Ever been to court?  Ever stood in suspense as the judge contemplated your sentence?  I have. And it blows.  There's a sense of fear and dread, followed by this weird emotion of "whatever!  I'll deal with whatever comes down the pike!" all wrapped up into one discomforting package.



n therapy, one of the most tenacious foes I face is helping someone realize they're wrong.   Most people that come into my office are just dead wrong!  About what?  About what they believe about their future.  

Anxiety Can Be a Bully

Anxiety Can Be a Bully

Truth be told, I'm not completely free of anxiety myself.  There are times during performing therapy, for instance, that the "what if's" come to me like an eagle swooping down to claw up its prey.

Anxiety Tips and Tricks (tip 1)

Anxiety Tips and Tricks (tip 1)

I write a ton on anxiety.  And when I write I usually include 700 words or more.  Well, I want to include you busy readers as well.  So I'm going to post small clips of thoughts/skills/techniques that I believe can be helpful in overcoming anxiety:

Reverse Anxiety: Part VI, Calling Anxiety's Bluff

Reverse Anxiety:  Part VI, Calling Anxiety's Bluff

Our minds love to project us into a catastrophic future filled with doom and terror.  This part of our makeup can't help but flash images of certainty in front of us.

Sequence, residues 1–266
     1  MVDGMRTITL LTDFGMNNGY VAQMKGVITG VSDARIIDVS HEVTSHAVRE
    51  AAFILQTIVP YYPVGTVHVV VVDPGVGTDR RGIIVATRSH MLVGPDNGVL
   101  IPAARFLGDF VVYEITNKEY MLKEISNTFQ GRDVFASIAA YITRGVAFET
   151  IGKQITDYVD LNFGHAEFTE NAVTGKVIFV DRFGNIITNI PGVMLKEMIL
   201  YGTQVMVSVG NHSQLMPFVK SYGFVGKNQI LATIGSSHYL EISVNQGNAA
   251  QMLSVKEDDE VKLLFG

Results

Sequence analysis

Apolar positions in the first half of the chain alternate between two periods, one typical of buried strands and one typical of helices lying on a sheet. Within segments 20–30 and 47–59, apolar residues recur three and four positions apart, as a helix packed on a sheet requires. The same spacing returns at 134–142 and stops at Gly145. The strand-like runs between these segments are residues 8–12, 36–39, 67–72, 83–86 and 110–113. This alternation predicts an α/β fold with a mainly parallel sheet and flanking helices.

Reverse Anxiety: Part III, What I Say Anxiety Is NOT

Reverse Anxiety:  Part III, What I Say Anxiety Is NOT

I’m feeling my arms right now.  I turned 40 last month and I’m still here.  Despite the thousands of times I thought I was dying of a heart attack, suffocating or some other bizarre event like driving off the road because of intrusive thoughts, I’m still kickin’ and screamin.’  

Reverse Anxiety: Part II, What I Say Anxiety Is NOT!

Reverse Anxiety:  Part II, What I Say Anxiety Is NOT!

Process of illimination works great when diagnosing cars.  Going through a checklist of what is not the problem can be a great way to nail the problem done.    Let’s start off with what anxiety is not.

“Tarp Man…Upcycled”  Part III

“Tarp Man…Upcycled”  Part III

This last Saturday we went out to distribute supplies and build relationships like we always do.  We didn’t go to Tarp Man’s bench this time.  But as we drove home, I noticed he wasn’t warming the bench anymore.